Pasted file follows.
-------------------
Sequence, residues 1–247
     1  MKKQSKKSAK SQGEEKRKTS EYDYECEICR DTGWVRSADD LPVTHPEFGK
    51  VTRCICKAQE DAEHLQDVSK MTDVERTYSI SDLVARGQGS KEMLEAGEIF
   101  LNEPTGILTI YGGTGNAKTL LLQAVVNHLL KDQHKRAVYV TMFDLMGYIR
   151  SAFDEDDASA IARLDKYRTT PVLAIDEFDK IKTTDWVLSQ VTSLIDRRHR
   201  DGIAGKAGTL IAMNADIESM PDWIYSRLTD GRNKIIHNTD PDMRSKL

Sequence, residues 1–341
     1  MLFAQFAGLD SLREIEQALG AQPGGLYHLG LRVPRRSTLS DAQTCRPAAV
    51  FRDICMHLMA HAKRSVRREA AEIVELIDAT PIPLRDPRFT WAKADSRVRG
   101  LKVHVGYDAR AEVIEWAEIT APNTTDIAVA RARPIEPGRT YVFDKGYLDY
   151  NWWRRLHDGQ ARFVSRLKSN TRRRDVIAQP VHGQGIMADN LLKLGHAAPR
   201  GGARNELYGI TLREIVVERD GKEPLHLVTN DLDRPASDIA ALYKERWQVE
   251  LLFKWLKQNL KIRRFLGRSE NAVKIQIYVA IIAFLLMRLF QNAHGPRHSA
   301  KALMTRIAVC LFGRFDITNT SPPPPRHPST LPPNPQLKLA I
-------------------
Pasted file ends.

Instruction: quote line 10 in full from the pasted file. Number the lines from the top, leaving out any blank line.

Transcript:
   101  LKVHVGYDAR AEVIEWAEIT APNTTDIAVA RARPIEPGRT YVFDKGYLDY